Should synthetic biology make people nervous rather than excited, and should be it be rejected as controversial and potentially dangerous rather than embraced as a potentially world-changing and highly democratic technology? The second tendency that results in a rejection of synthetic biology by those who normally go about endorsing technology as the catalyst for social change is the tendency to point to a very specific threat – a humanity-threatening virus.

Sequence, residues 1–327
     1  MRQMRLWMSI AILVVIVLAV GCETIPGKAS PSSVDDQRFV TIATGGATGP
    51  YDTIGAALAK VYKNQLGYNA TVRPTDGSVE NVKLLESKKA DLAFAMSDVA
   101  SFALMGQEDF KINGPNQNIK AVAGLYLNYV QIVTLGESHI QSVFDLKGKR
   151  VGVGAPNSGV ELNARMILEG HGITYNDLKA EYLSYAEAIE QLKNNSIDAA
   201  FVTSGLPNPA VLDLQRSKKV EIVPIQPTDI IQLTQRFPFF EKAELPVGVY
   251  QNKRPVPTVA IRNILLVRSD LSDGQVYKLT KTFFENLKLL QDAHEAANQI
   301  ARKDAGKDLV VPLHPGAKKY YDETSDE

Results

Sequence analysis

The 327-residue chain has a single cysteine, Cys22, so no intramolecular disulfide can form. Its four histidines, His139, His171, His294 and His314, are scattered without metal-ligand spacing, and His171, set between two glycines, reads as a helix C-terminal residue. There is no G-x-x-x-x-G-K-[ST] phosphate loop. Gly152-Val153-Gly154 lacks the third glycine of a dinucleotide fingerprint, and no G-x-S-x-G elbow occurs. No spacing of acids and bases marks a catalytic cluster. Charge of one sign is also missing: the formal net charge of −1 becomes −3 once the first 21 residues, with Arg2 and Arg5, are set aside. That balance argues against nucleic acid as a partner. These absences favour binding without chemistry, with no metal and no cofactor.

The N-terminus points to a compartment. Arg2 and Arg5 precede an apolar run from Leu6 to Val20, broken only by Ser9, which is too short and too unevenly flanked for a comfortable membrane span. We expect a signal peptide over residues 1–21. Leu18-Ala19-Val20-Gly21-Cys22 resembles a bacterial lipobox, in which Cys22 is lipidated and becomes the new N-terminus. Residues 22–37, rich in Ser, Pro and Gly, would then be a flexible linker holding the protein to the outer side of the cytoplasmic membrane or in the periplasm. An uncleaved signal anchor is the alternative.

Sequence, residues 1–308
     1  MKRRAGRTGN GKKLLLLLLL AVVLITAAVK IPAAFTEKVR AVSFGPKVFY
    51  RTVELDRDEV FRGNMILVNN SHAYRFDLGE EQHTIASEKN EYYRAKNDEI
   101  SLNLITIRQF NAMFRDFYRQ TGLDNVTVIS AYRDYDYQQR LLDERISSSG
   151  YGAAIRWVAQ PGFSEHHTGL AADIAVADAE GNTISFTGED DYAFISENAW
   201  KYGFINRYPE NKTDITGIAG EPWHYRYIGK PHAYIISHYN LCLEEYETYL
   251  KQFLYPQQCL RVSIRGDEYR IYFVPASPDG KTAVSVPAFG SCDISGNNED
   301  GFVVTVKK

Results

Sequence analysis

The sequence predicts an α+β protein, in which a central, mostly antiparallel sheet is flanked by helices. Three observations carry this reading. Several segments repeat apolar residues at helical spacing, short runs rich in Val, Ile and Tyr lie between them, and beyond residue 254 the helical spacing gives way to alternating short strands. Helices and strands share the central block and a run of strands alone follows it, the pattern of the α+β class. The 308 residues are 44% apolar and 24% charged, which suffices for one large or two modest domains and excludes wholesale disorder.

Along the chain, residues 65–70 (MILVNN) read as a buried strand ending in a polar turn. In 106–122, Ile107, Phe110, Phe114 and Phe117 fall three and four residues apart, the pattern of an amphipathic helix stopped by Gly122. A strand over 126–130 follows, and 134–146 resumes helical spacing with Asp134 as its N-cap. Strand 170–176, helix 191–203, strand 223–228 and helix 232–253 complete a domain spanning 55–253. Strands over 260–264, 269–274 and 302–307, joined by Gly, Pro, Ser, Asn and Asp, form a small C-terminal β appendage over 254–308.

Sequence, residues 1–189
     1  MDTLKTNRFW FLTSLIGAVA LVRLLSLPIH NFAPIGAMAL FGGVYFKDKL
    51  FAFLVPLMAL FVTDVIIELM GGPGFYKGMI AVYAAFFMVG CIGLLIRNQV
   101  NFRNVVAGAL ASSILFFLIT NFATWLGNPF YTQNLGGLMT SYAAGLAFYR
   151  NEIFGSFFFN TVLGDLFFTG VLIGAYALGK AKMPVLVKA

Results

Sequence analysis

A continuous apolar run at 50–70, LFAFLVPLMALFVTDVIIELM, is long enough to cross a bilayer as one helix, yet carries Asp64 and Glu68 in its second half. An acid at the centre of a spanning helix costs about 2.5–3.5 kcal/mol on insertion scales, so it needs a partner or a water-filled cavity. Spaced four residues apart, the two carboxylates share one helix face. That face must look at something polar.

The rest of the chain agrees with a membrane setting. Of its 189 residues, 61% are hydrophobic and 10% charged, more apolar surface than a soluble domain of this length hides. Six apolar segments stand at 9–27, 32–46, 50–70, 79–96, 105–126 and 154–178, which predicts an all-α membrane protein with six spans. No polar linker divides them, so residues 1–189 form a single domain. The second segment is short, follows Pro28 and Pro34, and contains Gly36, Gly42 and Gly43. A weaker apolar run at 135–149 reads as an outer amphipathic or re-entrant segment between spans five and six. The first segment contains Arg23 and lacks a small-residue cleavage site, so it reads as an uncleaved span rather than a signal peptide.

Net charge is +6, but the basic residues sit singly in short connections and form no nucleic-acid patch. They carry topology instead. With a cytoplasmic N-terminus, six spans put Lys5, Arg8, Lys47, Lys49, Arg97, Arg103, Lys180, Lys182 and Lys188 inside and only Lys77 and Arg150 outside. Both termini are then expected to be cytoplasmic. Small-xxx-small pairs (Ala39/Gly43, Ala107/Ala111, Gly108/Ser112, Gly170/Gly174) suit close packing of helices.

This second rejection of synthetic biology is easier to respond to than the first, because it is very specific. In fact, the threat is discussed in sufficient depth by synthetic biology’s own leading scientist himself, J. Craig Venter, in his 2013 book Life at the Speed of Light. In anticipation of a viral threat, “bio-terror” is considered the top danger by the US government, but “bio-error” is seen by Venter as an even bigger danger. There is a possibility of individual accidents using synthetic biology, analogous to medical accidents from overdoses. It could involve a virus introduced as a treatment for cancer becoming dangerous (like in the movie, I Am Legend). This is especially possible, if the technology becomes ubiquitous and “DIY”, with individuals customizing their own treatments by synthesizing viruses. However, many household materials and technologies already present the same level of threat to lone individuals, so there is no reason to focus on the popular use of synthetic biology as an extraordinary threat.